Also on the blog are links to the state censorship board publications including the law of 2001 and subsequent guidelines, press releases, lists of registered stakeholders, a list of registered production companies, a list of registered cinemas,  a list of registered soccer viewing centres, a list of censored books, and a list of films censored in 2004, 2005, 2007, and 2008. (Noticeably absent is 2006). Another link on the website is to “articles on the Censorship board.” So far there is one article with no byline, titled “Kano Censorship and the Burden of Moral Defense.” Here are some exerpts from the article:

But when the charismatic Mal. Rabo Abdulkareem was wisely appointed as the executive secretary (110w Director General) by Mallam as a result of the infamous Hiyana saga, the name of the Kano state censorship Board became a household name.

[…]

Tasked with the burden of control and supervision of the information and ideas that are circulated in the society, the activities of the Kano state Censorship Board have already started impacting favorably and this is appreciated by the public All of a sudden tile public happily realized that the previously otiose board can now really defend their helplessly invaded morality.

The hitherto unprecedented expansion and circulation of immorality via the activities of the so called Kannywood or Hausa filmmakers was perfectly checked and stopped by the Rabo led censorship to the admiration and pleasure of the public.

The shameless and destructive activities of the filmmakers were thriving to the chagrin of’ the society to the extent that some pessimists have given up. All the pleas, calls and sermons by different groups of people to the filmmakers to effect corrections in their activities as well as their films were sternly’ rebuffed by the filmmakers. This is the reason for the euphoria that trailed Rabo’s bold move to tackle the disturbing activities of the filmmakers which was timely successful.

[…]

It is quite surprising the way some of the writers chose to confront the board in a Kannywood like manner. Even the hitherto respected among them inanely wrote many things that put their integrity to question. They sound and behave as worst as any lawless uneducated could. While the board is saying that all forms of obscenity should be stopped and that the books should conform with the culture and religion of the targeted audience in addition to the registration of the writers with the board among other things, these people are busy writing different sorts of bunkum in order to blackmail the board. All their arguments were based on subauditions, or more correctly, assumptions, and nothing more. Some of them were even proposing to take the matter up to their masters i.e. the international community in order to come to their aid, just as the Kannywood cohorts tried, as if the so called international community is that rotten.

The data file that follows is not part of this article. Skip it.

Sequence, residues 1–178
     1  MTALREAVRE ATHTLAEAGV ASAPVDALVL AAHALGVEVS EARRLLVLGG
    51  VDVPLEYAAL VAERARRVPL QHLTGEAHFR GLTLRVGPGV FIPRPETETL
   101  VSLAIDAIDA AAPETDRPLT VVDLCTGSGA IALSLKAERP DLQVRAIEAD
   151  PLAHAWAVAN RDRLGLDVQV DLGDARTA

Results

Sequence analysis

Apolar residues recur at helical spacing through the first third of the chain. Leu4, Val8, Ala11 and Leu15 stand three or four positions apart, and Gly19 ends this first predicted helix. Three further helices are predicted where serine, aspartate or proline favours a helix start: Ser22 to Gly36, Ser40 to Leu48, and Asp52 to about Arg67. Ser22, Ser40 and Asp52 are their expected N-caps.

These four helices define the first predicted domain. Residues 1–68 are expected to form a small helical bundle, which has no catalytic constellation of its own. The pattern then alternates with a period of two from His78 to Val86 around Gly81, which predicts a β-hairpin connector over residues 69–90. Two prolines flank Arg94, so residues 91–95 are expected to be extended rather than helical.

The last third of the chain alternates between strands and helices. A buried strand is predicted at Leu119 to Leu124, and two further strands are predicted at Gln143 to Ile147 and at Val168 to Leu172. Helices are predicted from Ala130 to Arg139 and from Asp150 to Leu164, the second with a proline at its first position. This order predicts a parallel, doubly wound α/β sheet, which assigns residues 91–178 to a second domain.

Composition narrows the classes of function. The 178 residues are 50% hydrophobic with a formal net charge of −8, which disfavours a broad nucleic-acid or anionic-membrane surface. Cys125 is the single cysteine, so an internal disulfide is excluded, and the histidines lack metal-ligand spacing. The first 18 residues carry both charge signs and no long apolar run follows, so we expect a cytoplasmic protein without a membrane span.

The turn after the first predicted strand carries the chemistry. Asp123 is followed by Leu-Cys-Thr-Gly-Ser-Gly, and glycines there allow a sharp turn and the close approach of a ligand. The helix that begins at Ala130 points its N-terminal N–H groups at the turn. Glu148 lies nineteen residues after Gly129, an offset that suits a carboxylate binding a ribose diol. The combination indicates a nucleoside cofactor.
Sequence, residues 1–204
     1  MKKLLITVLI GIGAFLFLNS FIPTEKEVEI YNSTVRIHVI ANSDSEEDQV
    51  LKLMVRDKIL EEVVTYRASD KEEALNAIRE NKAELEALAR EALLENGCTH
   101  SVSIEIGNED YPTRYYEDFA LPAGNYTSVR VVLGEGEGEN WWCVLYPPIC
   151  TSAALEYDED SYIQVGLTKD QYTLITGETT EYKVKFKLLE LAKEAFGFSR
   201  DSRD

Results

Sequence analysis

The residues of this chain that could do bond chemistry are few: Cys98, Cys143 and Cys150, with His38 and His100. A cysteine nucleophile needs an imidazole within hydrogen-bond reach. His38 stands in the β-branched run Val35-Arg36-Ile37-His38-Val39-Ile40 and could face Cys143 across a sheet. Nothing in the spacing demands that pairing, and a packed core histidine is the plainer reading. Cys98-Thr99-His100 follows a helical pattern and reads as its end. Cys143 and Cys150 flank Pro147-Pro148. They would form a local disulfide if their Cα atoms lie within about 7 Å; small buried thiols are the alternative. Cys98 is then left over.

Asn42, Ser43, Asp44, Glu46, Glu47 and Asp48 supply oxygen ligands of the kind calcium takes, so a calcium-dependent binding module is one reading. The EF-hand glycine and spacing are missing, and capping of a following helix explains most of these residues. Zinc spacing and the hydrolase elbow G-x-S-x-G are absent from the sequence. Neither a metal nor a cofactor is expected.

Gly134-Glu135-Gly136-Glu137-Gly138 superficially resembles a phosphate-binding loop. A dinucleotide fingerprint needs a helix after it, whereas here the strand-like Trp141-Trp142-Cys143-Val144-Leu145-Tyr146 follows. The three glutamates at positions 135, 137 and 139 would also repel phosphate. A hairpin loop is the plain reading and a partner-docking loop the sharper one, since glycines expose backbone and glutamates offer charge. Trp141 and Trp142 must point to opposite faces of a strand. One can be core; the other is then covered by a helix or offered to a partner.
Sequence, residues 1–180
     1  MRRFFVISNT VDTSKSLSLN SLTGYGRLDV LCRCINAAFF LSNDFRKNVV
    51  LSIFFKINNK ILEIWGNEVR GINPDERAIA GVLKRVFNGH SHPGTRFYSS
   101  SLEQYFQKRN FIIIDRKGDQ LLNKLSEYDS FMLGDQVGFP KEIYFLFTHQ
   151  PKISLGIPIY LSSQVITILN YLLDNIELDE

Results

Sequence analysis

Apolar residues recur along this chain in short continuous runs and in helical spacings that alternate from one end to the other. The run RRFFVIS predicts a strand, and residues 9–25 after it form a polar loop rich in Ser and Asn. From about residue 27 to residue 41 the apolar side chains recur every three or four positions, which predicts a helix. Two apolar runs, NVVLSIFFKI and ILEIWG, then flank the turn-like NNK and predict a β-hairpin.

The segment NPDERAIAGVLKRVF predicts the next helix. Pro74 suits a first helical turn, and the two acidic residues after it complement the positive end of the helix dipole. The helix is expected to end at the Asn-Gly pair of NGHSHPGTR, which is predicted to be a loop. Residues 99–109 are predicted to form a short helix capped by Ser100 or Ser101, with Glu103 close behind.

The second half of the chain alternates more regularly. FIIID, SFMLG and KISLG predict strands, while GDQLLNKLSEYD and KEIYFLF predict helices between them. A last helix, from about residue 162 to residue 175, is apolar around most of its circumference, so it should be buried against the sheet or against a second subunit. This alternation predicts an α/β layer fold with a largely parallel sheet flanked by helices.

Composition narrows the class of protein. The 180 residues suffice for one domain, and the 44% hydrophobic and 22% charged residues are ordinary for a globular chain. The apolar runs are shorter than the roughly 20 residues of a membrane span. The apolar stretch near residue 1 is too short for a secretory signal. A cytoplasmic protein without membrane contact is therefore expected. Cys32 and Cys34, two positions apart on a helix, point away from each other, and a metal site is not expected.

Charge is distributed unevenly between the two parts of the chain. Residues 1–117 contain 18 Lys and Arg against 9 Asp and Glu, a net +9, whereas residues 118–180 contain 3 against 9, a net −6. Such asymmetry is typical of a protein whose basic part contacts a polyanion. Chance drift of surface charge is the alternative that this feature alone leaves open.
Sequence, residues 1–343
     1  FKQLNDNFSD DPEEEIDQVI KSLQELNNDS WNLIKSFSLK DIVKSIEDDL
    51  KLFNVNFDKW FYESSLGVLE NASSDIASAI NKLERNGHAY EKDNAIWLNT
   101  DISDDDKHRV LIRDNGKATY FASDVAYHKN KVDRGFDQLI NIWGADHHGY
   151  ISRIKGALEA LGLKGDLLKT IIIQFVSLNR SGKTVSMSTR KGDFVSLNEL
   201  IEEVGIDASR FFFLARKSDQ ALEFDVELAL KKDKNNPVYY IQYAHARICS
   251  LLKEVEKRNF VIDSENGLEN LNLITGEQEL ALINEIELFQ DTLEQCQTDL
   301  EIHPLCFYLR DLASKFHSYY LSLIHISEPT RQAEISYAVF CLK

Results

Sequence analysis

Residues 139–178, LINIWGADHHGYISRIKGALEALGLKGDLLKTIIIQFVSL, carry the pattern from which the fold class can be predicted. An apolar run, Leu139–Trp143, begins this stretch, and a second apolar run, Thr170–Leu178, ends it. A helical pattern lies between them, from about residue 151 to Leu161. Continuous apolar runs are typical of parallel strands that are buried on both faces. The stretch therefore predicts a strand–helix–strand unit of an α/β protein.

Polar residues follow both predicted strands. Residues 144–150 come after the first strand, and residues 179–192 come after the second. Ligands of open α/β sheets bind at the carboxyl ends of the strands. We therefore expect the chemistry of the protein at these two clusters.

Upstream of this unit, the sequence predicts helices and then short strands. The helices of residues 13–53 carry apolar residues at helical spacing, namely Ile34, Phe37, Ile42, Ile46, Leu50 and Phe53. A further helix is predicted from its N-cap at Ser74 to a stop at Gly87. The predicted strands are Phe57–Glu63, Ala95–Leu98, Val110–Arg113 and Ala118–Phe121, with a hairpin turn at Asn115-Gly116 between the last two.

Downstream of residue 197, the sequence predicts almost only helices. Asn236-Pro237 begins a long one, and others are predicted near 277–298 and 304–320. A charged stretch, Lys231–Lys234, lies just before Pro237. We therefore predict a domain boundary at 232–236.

I will likely do more analysis of the site later on this blog or in my own academic work, but I note a few interesting things:

1) On the homepage of the Censorship Board are a list of “useful links”. They include A Daidaita Sahu (the government agency for “societal reorientation”), the Sharia Commission, Gamji (a news website that focuses on northern Nigerian news), the National Film and Video Censors Board, and two newspapers, the Kano-state government owned Triumph Newspaper,  which regularly publishes pro-censorship and anti-Hausa film opinion pieces, and the Abuja-based Daily Trust, which has several times re-printed the said opinion pieces from the Triumph [as I have noted elsewhere]. Noticeably absent is the newspaper, Leadership, which most often publishes news about Kannywood and opinion pieces critical of the censorship board.  Of course, this isn’t surprising, but I do find it interesting that Triumph and Trust were the two papers chosen to be included on the list.

2) A related observation: in the “Censorship Board in the News” link, the only two articles posted (as of today) were the Open Letter to the American Embassy in Nigeria, by Asabe Murtala (later published in Trust under the name Asabe Muktar, as I point out in an earlier post), and the director general’s response to a critique of the board published in This Day.

3) I love it that the Censorship Board is making all of this information available to the public. Open access to the 2001 censorship law and related publications is especially encouraging. However, I wonder how frequently the website will be updated and how that might impact arguments the board makes in individual cases with “erring” stakeholders. For example, will the list of registered stakeholder, production companies, and censored books be updated every time a new stakeholder or production company registers and a new book is censored?  Will each company and stakeholder be removed from the list at the beginning of each year and be added back when they have paid their renewal fee for each new year?

On the whole, I find this an extremely positive development. I am encouraged by the open access to information, but also cautious about the “spin” placed on that information by the board. Of course, as I note of my own blog, it is their website, so “spin”  that presents “their” side of the story is certainly their prerogative. It’s certainly a rich resource for my own research.